Wick v. Colvin

Filing 24

ORDER adopting 23 Report and Recommendation on cross-motions for summary judgment. The court denies Plaintiffs motion for summary judgment and grants Defendants motion for summary judgment. Signed by Judge Jeffrey T. Miller on 9/22/2017. (jpp) M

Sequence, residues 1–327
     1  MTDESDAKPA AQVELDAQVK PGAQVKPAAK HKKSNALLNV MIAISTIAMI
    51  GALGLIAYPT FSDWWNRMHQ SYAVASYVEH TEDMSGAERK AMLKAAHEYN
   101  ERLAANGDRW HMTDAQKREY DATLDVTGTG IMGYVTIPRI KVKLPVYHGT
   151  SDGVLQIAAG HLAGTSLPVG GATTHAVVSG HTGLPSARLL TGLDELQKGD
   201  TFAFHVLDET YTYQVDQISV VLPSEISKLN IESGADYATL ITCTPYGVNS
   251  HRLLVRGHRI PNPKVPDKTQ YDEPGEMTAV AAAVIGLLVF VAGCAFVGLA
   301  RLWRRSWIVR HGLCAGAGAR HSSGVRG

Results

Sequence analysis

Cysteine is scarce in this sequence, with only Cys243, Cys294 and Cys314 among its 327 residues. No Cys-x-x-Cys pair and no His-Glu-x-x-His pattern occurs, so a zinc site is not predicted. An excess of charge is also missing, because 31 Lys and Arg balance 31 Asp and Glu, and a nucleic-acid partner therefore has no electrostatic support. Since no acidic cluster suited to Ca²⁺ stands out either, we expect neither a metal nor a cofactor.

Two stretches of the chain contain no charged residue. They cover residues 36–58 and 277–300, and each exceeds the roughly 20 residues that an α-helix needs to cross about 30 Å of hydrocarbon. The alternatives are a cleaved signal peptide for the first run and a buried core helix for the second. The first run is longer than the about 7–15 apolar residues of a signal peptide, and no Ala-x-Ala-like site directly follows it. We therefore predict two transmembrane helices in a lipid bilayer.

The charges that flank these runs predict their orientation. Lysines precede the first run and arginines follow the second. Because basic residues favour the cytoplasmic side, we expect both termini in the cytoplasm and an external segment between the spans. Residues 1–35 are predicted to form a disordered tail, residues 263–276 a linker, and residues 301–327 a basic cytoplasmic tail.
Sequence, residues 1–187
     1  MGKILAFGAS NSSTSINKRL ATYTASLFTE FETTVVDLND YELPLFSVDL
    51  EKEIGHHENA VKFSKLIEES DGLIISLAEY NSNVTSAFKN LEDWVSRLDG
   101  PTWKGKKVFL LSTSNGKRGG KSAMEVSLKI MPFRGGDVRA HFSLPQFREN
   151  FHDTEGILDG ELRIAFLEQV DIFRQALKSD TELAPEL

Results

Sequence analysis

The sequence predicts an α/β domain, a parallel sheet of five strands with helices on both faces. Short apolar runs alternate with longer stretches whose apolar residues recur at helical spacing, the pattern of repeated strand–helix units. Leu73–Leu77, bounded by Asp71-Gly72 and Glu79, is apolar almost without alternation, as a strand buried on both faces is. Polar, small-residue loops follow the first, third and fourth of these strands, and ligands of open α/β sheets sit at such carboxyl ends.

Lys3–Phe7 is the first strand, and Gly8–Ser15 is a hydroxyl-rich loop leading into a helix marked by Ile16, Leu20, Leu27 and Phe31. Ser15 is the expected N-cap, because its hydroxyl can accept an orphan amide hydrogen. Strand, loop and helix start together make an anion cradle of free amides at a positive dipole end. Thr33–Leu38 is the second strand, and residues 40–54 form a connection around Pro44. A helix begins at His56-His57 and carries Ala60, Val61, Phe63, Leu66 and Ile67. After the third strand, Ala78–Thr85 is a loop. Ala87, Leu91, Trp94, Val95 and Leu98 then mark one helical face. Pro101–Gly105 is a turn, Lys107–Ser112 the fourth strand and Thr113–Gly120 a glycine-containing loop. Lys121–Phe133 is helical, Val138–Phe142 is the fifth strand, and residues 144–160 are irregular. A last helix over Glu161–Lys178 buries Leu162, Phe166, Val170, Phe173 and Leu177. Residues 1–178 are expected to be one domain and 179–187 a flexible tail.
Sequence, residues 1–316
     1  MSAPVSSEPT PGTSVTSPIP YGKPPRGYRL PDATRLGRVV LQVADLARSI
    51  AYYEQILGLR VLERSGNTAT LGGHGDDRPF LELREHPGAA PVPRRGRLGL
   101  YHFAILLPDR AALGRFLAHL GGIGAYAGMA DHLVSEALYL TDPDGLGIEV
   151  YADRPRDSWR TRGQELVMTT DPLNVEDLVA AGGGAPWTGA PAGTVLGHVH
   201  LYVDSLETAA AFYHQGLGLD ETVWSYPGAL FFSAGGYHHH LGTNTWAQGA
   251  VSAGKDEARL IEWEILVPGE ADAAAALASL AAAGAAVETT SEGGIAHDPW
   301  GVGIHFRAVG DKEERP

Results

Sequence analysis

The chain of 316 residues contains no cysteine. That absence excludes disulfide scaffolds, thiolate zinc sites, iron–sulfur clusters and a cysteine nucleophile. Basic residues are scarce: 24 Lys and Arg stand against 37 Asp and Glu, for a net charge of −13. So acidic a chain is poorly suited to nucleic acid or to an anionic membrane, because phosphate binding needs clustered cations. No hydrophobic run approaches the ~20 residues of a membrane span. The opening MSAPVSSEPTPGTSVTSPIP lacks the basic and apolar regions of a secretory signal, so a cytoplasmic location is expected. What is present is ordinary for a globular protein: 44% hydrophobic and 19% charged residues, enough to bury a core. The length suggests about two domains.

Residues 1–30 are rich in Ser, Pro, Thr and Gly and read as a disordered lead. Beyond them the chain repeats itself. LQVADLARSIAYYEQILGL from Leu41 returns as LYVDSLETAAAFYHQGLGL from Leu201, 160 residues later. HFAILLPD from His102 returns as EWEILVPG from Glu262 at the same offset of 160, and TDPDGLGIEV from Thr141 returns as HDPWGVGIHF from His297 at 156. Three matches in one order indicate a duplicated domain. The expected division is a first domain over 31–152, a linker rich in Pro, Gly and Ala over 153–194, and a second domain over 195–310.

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1 2 3 4 5 6 7 8 UNITED STATES DISTRICT COURT 9 SOUTHERN DISTRICT OF CALIFORNIA 10 11 RYAN DAVID WICK, Case No.: 16cv1987 JM (AGS) Plaintiff, 12 13 14 ORDER ADOPTING REPORT AND RECOMMENDATION ON CROSSMOTIONS FOR SUMMARY JUDGMENT v. NANCY A. BERRYHILL, Acting Commissioner of Social Security, 15 16 Defendant. 17 18 19 On August 8, 2016, Plaintiff Ryan David Wick filed a complaint, pursuant to 42 20 U.S.C. § 405(g), asking for judicial review of the denial of Social Security disability 21 benefits. (Doc. No. 1.) On January 30, 2017, Plaintiff moved for summary judgment. 22 (Doc. No. 13.) Shortly thereafter, Defendant Nancy A. Berryhill, Acting Commissioner of 23 Social Security, did the same. (Doc. No. 14.) Magistrate Judge Andrew G. Schopler issued 24 a Report and Recommendation (“R&R”) recommending that this court deny Plaintiff’s 25 motion and grant Defendant’s motion. (Doc. No. 23.) Neither party filed objections to the 26 R&R by the date required. Now, having carefully considered the thorough and thoughtful 27 R&R, the record before the court, the applicable authorities, and the absence of any 28 objections to the R&R, the court adopts the R&R in its entirety and grants summary 1 16cv1987 JM (AGS) 1 judgment in favor of Defendant. 2 3 4 BACKGROUND The court hereby incorporates by reference the background presented in the R&R. (Doc. No. 23 at 2.) 5 LEGAL STANDARDS 6 A. 7 The duties of the district court in connection with a magistrate judge’s R&R are 8 governed by 28 U.S.C. § 636 and Federal Rule of Civil Procedure 72(b). The district court 9 “shall make a de novo determination of those portions of the report . . . to which objection 10 is made. A judge of the court may accept, reject, or modify, in whole or in part, the findings 11 or recommendations made by the magistrate judge.” 28 U.S.C. § 636(b)(1); see also United 12 States v. Raddatz, 447 U.S. 667, 673–74 (1980); McDonnell Douglas Corp. v. Commodore 13 Bus. Machines, Inc., 656 F.2d 1309, 1313 (9th Cir. 1981). If neither party contests the 14 magistrate judge’s proposed findings of fact, “the court may assume their correctness and 15 decide the motion on the applicable law.” Orand v. United States, 602 F.2d 207, 208 (9th 16 Cir. 1979). The magistrate judge’s conclusions of law are reviewed de novo, however, 17 regardless of whether any party filed objections thereto. See Robbins v. Carey, 481 F.3d 18 1143, 1146–47 (9th Cir. 2007). District Court Review of R&R 19 B. 20 Under the Social Security Act, an unsuccessful claimant may seek judicial review of 21 the Commissioner’s final agency decision. 42 U.S.C. §§ 405(g), 1383(c)(3). As indicated 22 in the R&R, the court “may set aside a denial of benefits only if it is not supported by 23 substantial evidence or is based on legal error.” Garcia v. Comm’r of Soc. Sec., 768 F.3d 24 925, 929 (9th Cir. 2014); see also Tidwell v. Apfel, 161 F.3d 599, 601 (9th Cir. 1999) (“The 25 ALJ’s decision denying the disability insurance benefits will be disturbed only if that 26 decision is not supported by substantial evidence or it is based upon legal error.”). Judicial Review of the Commissioner’s Decision 27 “Substantial evidence is more than a mere scintilla but less than a preponderance.” 28 Tidwell, 161 F.3d at 601 (citation omitted). “Substantial evidence is such relevant 2 16cv1987 JM (AGS) 1 evidence as a reasonable mind might accept as adequate to support a conclusion.” Parra v. 2 Astrue, 481 F.3d 742, 746 (9th Cir. 2007) (citing Flaten v. Sec’y of Health & Human 3 Servs., 44 F.3d 1453, 1457 (9th Cir. 1995)). If the evidence “can reasonably support either 4 affirming or reversing the decision, [the court] may not substitute [its] judgment for that of 5 the Commissioner.” Id. 6 C. 7 To determine whether a claimant is disabled under Title II of the Social Security 8 Act, an administrative law judge (“ALJ”) must employ the five-step sequential process laid 9 out in 20 C.F.R. § 416.920(a)(4). However, the inquiry does not end there. As indicated 10 in the R&R, disability benefits are prohibited if drug addiction is “a contributing factor 11 material to the Commissioner’s determination that the individual is disabled.” Parra, 481 12 F.3d at 746 (citing 42 U.S.C. § 423(d)(2)(C)). The court incorporates by reference the 13 legal standard presented in the R&R. (Doc. No. 23 at 3, ¶ 2.) Ultimately, the claimant 14 “bears the burden of proving that his substance abuse is not a material contributing factor 15 to his disability.” Parra, 481 F.3d at 748. 16 Drug Abuse as a Material Contributing Factor to Disability DISCUSSION 17 Plaintiff, while not contesting the ALJ’s finding that he abused drugs, argues that 18 the ALJ’s finding that such drug abuse was a material contributing factor to his disability 19 “lacks the support of substantial evidence.” (See Doc. No. 13-1 at 4–7.) In his R&R, 20 Magistrate Judge Schopler rejected Plaintiff’s argument and found that the ALJ’s finding 21 is supported by substantial record evidence. This court agrees. 22 First, Plaintiff failed to carry his burden to produce evidence that his drug abuse was 23 not a material contributing factor to his disability. See Parra, 481 F.3d at 748 (affirming 24 denial of benefits because the claimant failed to carry his burden of proving that his 25 alcoholism was not a material contributing factor to his disability). Dr. Nathan Strahl 26 testified that Plaintiff’s schizophrenia likely resulted from his drug abuse, and it was 27 exacerbated by Plaintiff’s voluntary non-compliance with prescribed treatment. (A.R. 19, 28 60–62, 67–68.) Dr. Strahl’s testimony provided the ALJ with substantial evidence to 3 16cv1987 JM (AGS) 1 support his conclusion regarding the effect Plaintiff’s drug abuse had on his schizophrenia. 2 Second, the ALJ appropriately gave less weight to the letter from Plaintiff’s mother, 3 Suzanne Browne, because it contained inaccurate information about Plaintiff’s drug use. 4 See Bayliss v. Barnhart, 427 F.3d 1211, 1218 (9th Cir. 2005) (“An ALJ need only give 5 germane reasons for discrediting the testimony of lay witnesses.” (citing Lewis v. Apfel, 6 236 F.3d 503, 511 (9th Cir. 2001))). The available medical records and admissions made 7 by Plaintiff contradicted Ms. Browne’s statement regarding his drug use. (See A.R. 17– 8 18, 262, 272; Doc. No. 13-1 at 8.) The ALJ thus concluded that Ms. Browne “may not be 9 as aware of [Plaintiff’s] activities and symptoms as she may believe she is”; accordingly, 10 he gave her letter “less weight.” (A.R. 18.) 11 In sum, the court finds that the agency’s decision is not based on legal error or 12 unsupported by substantial evidence. Therefore, it will not be disturbed. Tidwell, 161 F.3d 13 at 601. 14 CONCLUSION 15 For the reasons stated, the court adopts the R&R in its entirety. Accordingly, the 16 court denies Plaintiff’s motion for summary judgment and grants Defendant’s motion for 17 summary judgment. The Clerk of Court is directed to close the file. 18 19 20 IT IS SO ORDERED. DATED: September 22, 2017 JEFFREY T. MILLER United States District Judge 21 22 23 24 25 26 27 28 4 16cv1987 JM (AGS)